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publication November 30, 2017

Revving Up the Engines of Growth and Prosperity in the Western Balkans

World Bank Group



This report addresses the following question: how can the countries in the Western Balkans raise economic growth rates and ensure sustained improvement in welfare for their citizens? Finding the right answer will help the countries’ aspiration for income convergence with the EU, where on average people enjoy incomes that are three times higher.

The six Western Balkan countries (WB6) have already achieved strong growth and poverty reduction. The period of 1995-2015 saw living standards increase (from a low base) almost six-fold in Bosnia and Herzegovina, nearly triple in Albania, and almost double in Serbia. But some of the neighboring countries did better.

Dramatic differences in growth trends and in convergence to higher income levels are notable in the region before and after the global financial crisis. At a 5.6 percent average during 2000-08, living standards in the WB6 were rising faster than world and EU averages, lagging only slightly behind the other small transition economies that are now in the EU. The growth also helped drive down poverty in most of the Western Balkan countries.


In the early 2000s, roughly one in three people in the region lived on less than $5 per day. In 2008, only about one in five did. High structural unemployment, a legacy of Yugoslavia, improved somewhat during this period. Moreover, the Human Development Index—which aggregates key dimensions of human development such as a long and healthy life, being knowledgeable, and having a decent standard of living—increased over this same period in the Western Balkans and is higher than in other countries with similar income.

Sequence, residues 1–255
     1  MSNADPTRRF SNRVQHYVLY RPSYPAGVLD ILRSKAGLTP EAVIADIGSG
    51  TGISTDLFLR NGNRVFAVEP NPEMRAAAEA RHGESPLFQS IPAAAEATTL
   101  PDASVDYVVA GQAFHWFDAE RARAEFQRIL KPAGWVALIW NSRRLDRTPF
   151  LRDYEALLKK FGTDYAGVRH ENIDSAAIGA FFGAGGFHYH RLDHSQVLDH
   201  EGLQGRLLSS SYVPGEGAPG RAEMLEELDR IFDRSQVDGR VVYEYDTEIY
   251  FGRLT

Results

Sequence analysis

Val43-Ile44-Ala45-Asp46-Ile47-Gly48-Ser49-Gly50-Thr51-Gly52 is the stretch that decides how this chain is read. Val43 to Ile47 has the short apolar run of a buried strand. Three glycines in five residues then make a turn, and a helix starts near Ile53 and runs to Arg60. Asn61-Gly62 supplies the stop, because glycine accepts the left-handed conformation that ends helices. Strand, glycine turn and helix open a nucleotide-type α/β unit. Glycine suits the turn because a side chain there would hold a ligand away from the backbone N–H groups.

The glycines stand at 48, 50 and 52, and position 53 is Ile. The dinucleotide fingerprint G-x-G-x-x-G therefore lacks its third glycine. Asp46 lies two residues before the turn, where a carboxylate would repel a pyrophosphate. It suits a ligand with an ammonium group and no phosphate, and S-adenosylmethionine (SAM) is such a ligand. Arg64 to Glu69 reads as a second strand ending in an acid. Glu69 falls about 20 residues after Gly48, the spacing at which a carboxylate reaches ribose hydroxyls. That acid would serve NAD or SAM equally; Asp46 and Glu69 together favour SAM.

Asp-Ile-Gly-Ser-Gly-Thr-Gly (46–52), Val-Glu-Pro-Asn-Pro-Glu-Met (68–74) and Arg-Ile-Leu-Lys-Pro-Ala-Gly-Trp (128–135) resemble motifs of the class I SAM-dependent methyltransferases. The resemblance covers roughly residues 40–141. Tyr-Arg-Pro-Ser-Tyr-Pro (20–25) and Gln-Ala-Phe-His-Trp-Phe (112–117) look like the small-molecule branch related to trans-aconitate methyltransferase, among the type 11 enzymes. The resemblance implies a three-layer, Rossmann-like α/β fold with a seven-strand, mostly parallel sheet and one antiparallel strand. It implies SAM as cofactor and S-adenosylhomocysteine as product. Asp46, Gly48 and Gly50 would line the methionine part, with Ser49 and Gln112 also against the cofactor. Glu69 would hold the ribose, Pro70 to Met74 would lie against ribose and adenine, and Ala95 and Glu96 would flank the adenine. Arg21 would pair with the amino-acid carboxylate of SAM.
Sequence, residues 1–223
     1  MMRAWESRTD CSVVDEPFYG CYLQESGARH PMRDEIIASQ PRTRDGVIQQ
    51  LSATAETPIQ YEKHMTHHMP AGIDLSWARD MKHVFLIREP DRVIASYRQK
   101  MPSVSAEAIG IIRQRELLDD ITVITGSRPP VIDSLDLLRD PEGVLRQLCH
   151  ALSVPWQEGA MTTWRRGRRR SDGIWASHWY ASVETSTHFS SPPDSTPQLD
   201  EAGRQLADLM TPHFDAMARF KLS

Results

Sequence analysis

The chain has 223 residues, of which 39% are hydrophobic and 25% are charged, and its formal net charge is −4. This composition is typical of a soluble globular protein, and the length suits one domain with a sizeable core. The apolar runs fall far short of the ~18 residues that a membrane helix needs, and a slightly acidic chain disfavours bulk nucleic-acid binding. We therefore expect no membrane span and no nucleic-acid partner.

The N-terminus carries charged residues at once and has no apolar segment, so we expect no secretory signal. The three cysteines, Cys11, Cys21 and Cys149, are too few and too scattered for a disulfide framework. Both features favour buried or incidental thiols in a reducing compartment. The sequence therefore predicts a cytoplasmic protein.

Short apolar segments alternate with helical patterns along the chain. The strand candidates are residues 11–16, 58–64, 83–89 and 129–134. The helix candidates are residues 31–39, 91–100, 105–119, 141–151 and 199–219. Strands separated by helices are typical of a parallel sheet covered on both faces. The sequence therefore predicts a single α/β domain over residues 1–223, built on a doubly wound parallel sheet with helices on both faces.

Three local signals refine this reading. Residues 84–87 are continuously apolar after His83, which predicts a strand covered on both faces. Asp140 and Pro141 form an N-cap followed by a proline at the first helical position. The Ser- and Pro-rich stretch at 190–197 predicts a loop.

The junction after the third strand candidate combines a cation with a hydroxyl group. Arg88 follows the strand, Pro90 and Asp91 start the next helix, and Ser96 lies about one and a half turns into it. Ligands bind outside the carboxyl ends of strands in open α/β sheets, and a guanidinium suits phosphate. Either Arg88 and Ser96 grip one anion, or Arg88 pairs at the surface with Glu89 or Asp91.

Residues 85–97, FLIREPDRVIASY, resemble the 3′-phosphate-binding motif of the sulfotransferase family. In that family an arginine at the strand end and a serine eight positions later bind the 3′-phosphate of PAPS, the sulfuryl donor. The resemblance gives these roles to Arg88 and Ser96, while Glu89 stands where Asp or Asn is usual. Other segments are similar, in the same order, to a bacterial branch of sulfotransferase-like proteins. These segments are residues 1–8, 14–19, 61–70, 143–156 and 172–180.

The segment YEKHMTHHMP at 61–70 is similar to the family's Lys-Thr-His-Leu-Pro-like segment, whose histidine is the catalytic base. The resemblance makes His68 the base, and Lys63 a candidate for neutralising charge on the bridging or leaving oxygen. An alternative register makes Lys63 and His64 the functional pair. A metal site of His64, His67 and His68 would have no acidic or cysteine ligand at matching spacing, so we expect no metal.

After the global crisis in 2008, growth slowed precipitously, although it remained higher than the average in Europe. Unemployment has remained persistently high: in 2015, seven years after the start of the global financial crisis, it ranged between 17 and 33 percent, with youth unemployment almost double the average.

Levels of emigration from the Western Balkans are high as young and educated people look for opportunities elsewhere. Today, the six countries remain among the poorest in Europe, with lower standards of living on display in everyday life.

Despite these realities, the Western Balkan economies have significant potential for growth. They are located next door to the huge EU market and have made some progress in integrating their economies into world markets in such fields as finance and trade.

The Western Balkan countries could grow by exploiting these potentials. The challenges posed by the aging of their populations add further urgency. Deeper reforms would also serve to accelerate the EU accession process, which provides the strongest anchor for reform.